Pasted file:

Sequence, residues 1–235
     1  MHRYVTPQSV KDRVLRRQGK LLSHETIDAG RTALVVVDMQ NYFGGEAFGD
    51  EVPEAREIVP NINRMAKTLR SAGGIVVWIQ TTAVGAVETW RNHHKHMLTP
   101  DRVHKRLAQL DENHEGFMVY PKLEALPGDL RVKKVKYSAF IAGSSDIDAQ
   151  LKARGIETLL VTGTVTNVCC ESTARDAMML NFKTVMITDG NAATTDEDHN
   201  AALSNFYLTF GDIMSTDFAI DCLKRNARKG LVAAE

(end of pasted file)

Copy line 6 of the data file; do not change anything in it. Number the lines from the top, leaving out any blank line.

   201  AALSNFYLTF GDIMSTDFAI DCLKRNARKG LVAAE